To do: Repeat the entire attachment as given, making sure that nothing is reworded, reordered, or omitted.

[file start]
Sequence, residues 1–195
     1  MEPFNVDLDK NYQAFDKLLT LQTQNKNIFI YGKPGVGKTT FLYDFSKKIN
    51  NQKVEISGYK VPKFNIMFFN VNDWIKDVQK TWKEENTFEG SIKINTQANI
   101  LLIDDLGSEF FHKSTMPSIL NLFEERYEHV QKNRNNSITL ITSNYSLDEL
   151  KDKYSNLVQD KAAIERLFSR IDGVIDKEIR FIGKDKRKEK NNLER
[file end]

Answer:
Sequence, residues 1–195
     1  MEPFNVDLDK NYQAFDKLLT LQTQNKNIFI YGKPGVGKTT FLYDFSKKIN
    51  NQKVEISGYK VPKFNIMFFN VNDWIKDVQK TWKEENTFEG SIKINTQANI
   101  LLIDDLGSEF FHKSTMPSIL NLFEERYEHV QKNRNNSITL ITSNYSLDEL
   151  KDKYSNLVQD KAAIERLFSR IDGVIDKEIR FIGKDKRKEK NNLER